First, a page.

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The 35th annual “Walk to the Rock”, held in lovely weather, attracted 50 students and 10 adults, mostly members of the Gimli Icelandic Canadian Society.

The Grade Six class from the Gimli Middle Years School joined the group and were welcomed by Lorna Tergesen, President of the Gimli Icelandic Canadian Society.

Connie Magnusson gave a short overview of the settlers landing at Willow Point in 1875. The students, directed by their teacher, Pam Einarson, read the poem “Arrival at Willow Point” by Don Martin. This received resounding applause. Carly Welham, a fifth generation descendant of the mother who gave birth to the first child in New Iceland, placed a rose at the rock in memory of the pioneers.

From here the group gathered at the New Iceland Museum for hot chocolate and cookies. Executive Director of the Museum, Tammy Axelsson, welcomed everyone and introduced a film Skaftáreldar about the devastating 1783 eruption in Iceland. The day proved to be not only a memorial to the pioneers but also an educational experience for all who attended.

“We in Iceland have a lot to answer for,” said geologist and volcano specialist, Kristinn Guðjónsson, during a two-week North American tour sponsored by the Icelandic National League of North America International Visits Program.

Kristinn explained that one of the results of the eruption of the Laki volcano was the French Revolution. The volcano was active from June 8, 1783 to February 7, 1784, though most of the damage was done in the first five months.

It was known as “sand summer” because of the fallout. “It drastically affected the climate year. There were crop failures and famine. Two million people died. And that was one of the causes of the French Revolution,” Kristinn said. Between September 30 and October 23, Kristinn travelled from Keflavík to Toronto, Ottawa, Winnipeg, Arborg, Mountain, Minneapolis, Vatnabyggð, Calgary, Edmonton, Vancouver, Blaine, Seattle, and back to Keflavík.

During his tour, he met families whose ancestors had to leave Iceland because of volcanic action in 1875. It was the explosion of the Askja volcano on March 29, 1875 that led directly to the movement of Icelanders to North America, he said. “The ash fall poisoned the land and killed all the livestock. The people were starving.”Between April 15 and 21, 2010, when Eyjafallajökull became active and all European flights were cancelled, 10 million passengers were stranded, 313 airports closed, $1.7 billion lost by the airlines and $5 billion lost by related industries. An unusual wind pattern blew heavy clouds of ash across Europe and, said Kristinn, volcanic ash is composed of small glass shards.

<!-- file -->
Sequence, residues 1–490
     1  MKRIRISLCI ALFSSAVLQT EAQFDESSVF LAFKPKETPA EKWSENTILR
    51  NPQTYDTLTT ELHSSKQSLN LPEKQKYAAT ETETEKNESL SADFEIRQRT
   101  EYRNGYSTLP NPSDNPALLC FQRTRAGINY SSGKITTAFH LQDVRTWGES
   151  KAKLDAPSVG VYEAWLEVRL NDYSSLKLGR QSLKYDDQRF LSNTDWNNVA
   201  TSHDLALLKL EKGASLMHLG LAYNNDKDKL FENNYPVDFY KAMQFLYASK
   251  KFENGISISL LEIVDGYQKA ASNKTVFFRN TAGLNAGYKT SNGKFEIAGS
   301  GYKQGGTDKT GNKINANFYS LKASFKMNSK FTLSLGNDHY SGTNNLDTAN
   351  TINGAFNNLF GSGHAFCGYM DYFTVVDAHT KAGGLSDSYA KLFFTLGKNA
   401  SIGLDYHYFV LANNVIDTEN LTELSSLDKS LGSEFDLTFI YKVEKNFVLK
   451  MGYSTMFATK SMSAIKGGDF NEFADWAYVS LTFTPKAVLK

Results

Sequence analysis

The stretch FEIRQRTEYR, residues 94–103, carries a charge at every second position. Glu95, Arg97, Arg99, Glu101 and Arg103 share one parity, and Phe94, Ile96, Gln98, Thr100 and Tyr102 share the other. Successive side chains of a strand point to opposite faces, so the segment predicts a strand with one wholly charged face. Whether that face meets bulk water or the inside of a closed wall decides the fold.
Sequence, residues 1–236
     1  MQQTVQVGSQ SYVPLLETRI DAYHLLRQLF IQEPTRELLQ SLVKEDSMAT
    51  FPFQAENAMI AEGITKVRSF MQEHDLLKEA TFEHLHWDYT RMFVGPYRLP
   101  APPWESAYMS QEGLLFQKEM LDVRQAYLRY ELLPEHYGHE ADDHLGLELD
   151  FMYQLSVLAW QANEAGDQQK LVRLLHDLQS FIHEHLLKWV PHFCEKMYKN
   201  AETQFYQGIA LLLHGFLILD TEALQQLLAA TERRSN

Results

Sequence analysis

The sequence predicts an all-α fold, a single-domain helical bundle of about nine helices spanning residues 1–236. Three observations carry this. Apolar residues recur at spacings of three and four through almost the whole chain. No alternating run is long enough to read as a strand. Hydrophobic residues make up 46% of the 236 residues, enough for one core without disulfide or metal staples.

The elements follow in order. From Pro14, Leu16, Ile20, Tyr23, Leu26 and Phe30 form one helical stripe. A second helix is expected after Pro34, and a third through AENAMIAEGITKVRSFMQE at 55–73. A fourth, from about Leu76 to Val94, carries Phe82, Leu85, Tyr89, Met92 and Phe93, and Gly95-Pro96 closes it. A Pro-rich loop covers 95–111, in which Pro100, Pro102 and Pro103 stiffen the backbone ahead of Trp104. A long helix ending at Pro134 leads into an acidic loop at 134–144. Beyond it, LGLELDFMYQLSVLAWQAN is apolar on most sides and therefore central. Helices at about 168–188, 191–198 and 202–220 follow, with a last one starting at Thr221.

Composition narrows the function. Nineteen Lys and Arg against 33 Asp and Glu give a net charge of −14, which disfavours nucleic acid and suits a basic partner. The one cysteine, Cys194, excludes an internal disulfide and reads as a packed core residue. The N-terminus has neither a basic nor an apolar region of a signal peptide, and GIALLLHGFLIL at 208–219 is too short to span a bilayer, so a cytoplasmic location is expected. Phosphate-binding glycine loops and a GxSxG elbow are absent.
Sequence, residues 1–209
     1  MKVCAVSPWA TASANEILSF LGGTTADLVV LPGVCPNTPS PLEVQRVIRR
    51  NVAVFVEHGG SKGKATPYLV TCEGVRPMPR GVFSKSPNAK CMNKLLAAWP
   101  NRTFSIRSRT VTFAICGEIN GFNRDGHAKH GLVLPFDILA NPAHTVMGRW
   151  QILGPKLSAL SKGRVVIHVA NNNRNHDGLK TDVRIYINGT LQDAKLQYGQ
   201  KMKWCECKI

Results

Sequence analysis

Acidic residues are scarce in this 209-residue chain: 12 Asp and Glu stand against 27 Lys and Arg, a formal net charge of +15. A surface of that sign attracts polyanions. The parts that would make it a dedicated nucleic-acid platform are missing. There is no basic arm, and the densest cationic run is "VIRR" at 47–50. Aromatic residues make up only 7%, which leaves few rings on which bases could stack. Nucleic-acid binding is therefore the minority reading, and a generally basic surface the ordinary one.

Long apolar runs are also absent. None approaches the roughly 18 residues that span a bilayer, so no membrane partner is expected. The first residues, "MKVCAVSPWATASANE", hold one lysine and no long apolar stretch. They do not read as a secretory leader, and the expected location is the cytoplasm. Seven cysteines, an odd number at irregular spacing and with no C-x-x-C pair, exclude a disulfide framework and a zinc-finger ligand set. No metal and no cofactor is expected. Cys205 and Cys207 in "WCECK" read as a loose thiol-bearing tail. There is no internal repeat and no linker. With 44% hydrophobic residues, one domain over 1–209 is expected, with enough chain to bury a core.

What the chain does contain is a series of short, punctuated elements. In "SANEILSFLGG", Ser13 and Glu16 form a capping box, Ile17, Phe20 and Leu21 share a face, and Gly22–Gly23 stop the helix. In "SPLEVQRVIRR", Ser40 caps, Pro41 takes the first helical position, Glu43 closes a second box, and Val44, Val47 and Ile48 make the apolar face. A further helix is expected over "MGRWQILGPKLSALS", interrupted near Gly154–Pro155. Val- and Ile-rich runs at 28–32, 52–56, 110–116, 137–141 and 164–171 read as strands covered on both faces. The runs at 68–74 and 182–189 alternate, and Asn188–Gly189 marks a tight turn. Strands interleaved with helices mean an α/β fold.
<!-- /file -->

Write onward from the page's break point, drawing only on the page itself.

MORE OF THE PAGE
“If it is sucked into jet engines, into the air intakes, the engine dies. It’s not a good thing.” Airlines, Kristinn said, took a “zero tolerance” approach. “We don’t know the safety limits. There is now safety limit testing because, next time it happens, they want to know.”In Iceland, 400 local people were evacuated as were animals. Glacial floods damaged roads and fields. Ash covered large areas.

“Ash storms will cause problems for years. Mud floods, which will continue for the next two years, are a constant threat.” said Kristinn who has videotaped moonscape images of an area covered by a mud flood. The final cost for Iceland, he said, will be billions of krónur.The IVP tour was a model for ingenuity, effective partnerships, volunteerism and co-operation. The International Visits Program selected Kristinn, worked with him to develop a manageable schedule, and provided support, including gas money, for participating clubs.

The clubs worked together to ensure that Kristinn’s travel was as smooth as possible. Venues ranged from community halls to churches, universities, and cultural centres.The Toronto event was held at Innis Town Hall, co-sponsored by the Icelandic Canadian Club of Toronto and and Andy Orchare, Provost of University of Toronto’s Trinity College. Ottawa was organized by Friends of Iceland, the INL of NA club in Ottawa, and hosted at the Embassy of Iceland Residence by Ambassador Sigríður Anna Þordardóttir and her husband Jon Þorsteinsson.

The Winnipeg venue was the Scandinavian Culture Centre. The Arborg talk, held at the Ardal-Geysir Lutheran Church, attracted people from Gimli and Riverton, as well as a number of non-members and was enhanced by a short article in the local paper. Kristinn was relayed from Winnipeg to Minneapolis – Garry Oddleifson to the Canada/USA border, Consul Loretta Bernhoft to Mountain and the next day to Fargo, and Lyle Hillman to Minnesota.